Hailing from Sardinia in Italy, Memento Waltz formed in 1994 and have laboured in ignominy for long years honing their craft. Following a string of demos and EPs which were released intermittently over the course of two decades, only this year have they released their first full-length album proper, the self-issued Division by Zero. The perseverance that must have been required to keep working as a unit for so long is duly reflected in the music itself, a head-spinningly complex cocktail of extreme technical progressive metal of the sort that requires the utmost rigour and dedication from its practitioners. Owing an obvious debt of inspiration to the similarly named early 90s cult act Psychotic Waltz, as well as the various projects of the Jarzombek Brothers and touchstones like Atheist’s Unquestionable Presence, it’s demanding music for a very circumscribed, self-selecting audience.
Absent are the concessions to accessible melodicism of more well-known progressive metal acts like Dream Theater – the listener is kept consistently off-balance by constantly shifting rhythms, unusual time signatures and abstract counterpoint. The songs mostly hover around the five-to-six minute mark and are comprised of what feel like dozens of constituent passages, proceeding according to distractive, impulsive logic resembling the thought processes of someone really, thoroughly stoned. Byzantine drum fills, finger-tapped guitar patterns, sections of slap bass and the brittle, piercing wails of vocalist Marco Piu all coalesce into a kaleidoscopic melange, seemingly designed to frustrate attempts to decode it.
In the hands of self-indulgent musicians, this would all amount to so much theory and technique for its own sake, but Memento Waltz, to their considerable credit, seem to have more of a purpose in mind than that. As is the case with better examples of this style, the fragmentary, disjointed nature of the sound creates a sort of nervous, paranoid energy. Having four highly skilled musicians simultaneously playing melodies that only seem to bear tangential relations to each other is quite the disorienting, alienating experience, like not knowing which way is up, but it occurs as a deliberate effect. So too does the way that each passage feels truncated, starting before its logical beginning and stopping before its end. The listener is purposefully being kept off their feet, not being allowed to catch their breath.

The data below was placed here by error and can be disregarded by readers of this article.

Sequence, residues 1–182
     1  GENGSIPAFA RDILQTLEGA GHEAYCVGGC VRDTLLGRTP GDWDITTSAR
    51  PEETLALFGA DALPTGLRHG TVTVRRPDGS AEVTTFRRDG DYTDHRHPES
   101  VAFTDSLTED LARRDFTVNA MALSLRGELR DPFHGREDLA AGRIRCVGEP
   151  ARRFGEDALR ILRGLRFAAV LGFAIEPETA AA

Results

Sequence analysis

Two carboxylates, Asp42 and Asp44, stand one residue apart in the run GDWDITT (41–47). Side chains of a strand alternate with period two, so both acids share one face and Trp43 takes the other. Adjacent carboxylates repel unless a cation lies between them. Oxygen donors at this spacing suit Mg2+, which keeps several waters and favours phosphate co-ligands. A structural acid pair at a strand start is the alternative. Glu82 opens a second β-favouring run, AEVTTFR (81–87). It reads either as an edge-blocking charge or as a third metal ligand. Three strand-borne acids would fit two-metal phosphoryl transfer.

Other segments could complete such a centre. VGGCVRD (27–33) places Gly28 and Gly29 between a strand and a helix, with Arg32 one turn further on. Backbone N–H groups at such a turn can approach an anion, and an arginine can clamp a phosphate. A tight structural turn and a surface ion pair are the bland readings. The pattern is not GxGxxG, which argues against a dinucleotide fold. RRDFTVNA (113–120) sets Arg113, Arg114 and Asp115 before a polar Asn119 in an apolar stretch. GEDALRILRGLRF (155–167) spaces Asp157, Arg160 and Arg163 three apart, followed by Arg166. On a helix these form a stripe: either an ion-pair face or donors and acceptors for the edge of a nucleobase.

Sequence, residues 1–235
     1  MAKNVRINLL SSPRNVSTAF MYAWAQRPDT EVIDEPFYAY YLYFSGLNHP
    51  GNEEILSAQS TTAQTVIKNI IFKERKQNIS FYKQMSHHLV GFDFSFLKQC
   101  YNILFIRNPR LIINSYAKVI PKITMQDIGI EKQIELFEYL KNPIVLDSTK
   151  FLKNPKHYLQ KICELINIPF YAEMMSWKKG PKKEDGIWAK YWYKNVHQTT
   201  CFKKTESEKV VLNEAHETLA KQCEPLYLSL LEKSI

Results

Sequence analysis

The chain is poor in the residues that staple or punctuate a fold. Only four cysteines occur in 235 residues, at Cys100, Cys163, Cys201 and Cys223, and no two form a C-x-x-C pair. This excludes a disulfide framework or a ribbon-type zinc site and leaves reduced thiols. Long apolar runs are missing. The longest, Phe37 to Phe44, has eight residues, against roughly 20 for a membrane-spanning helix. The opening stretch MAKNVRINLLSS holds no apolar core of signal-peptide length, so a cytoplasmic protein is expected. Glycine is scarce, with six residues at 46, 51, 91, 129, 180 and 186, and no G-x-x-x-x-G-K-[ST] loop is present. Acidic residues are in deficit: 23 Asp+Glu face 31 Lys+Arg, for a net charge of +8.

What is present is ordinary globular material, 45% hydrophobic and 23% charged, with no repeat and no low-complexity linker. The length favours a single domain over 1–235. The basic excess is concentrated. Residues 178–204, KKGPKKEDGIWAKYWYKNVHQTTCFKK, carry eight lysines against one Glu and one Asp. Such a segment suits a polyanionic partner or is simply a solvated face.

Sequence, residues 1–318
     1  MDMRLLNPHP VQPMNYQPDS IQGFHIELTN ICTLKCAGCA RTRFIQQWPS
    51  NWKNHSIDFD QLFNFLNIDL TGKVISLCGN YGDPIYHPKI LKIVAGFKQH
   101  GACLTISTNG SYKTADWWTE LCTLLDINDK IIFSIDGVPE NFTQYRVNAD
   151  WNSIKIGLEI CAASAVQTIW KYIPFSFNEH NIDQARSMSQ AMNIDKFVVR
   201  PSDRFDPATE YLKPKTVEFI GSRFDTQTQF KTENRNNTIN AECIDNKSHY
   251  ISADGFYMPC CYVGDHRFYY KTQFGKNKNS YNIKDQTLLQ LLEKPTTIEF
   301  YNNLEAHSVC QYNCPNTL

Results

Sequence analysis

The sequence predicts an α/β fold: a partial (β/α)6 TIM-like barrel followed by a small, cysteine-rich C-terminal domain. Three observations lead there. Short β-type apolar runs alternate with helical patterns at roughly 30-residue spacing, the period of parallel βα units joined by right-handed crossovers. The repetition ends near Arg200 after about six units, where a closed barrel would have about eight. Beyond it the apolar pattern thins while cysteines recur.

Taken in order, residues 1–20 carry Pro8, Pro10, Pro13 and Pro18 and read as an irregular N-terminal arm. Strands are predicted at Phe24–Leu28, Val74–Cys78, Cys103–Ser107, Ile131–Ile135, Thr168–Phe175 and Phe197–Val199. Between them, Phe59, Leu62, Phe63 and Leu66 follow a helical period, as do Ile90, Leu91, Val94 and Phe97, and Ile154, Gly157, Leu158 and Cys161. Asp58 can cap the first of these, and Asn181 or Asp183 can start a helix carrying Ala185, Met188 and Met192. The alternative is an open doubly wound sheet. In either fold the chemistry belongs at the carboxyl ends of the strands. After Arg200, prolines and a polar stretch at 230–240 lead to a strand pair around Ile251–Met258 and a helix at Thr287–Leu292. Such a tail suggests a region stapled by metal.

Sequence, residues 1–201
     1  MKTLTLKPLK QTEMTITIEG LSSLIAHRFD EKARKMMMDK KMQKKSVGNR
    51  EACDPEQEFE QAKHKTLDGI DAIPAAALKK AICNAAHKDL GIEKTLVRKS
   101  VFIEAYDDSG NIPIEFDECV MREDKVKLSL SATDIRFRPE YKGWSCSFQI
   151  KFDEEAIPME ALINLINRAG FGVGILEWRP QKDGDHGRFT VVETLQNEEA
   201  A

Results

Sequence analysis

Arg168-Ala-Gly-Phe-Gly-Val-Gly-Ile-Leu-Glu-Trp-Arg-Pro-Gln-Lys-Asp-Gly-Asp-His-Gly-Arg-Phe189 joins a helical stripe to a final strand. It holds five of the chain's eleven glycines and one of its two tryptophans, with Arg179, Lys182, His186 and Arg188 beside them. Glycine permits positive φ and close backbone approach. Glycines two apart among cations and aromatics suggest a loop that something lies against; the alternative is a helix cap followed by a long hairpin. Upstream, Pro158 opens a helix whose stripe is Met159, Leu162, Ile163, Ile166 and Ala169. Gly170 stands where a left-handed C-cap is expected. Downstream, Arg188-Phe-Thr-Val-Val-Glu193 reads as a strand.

Delirious technicality can be tiresome if it’s done thoughtlessly, but played right, it can be intoxicating. The virtuosic performances retain enough texture and melody that they occur as admirable rather than masturbatory. Individual phrases bespeak personality in a way that the monotonous drudge of modern technical death metal (this subgenre’s evil cousin) never attempts – delightful moments like the cheerful bass lick at the start of “A New Beginning” feel like they were written and performed by human beings, not computers. It’s that human touch that makes us more amenable to appreciate dazzling performances, and make no mistake, the performances are dazzling here. Guitarist Livio Poier and drummer Gabriele Maciocco both exhibit expert command of their instruments, although Memento Waltz’s MVP must surely be bassist Giuseppe Deiana, whose demented manipulation of his fretboard puts me in mind of Atheist’s late, legendary Roger Patterson. Though his may be the least showy performance of the group, Marco Piu also deserves credit: his sharp, crystalline voice falling somewhere between Geoff Tate and Chris Salinas.
Unfortunately, Memento Waltz’s chosen sound may be less viable today than it was when they were first starting out, with many of its most prominent practitioners such as Spiral Architect, Spastic Ink, Blotted Science and Canvas Solaris not having been active now for several years. It’s a damn shame, too, because Division by Zero is a worthy and admirable addition to that canon. Plenty of modern metal bands hold themselves to a high standard of technicality, but not all manage to make such a virtue of it. This record is one of the more pleasant surprises I’ve had this year.
02) Opus Alchemicum
03) Europa (Jupiter II)
04) Achilles’ Paradox
06) A New Beginning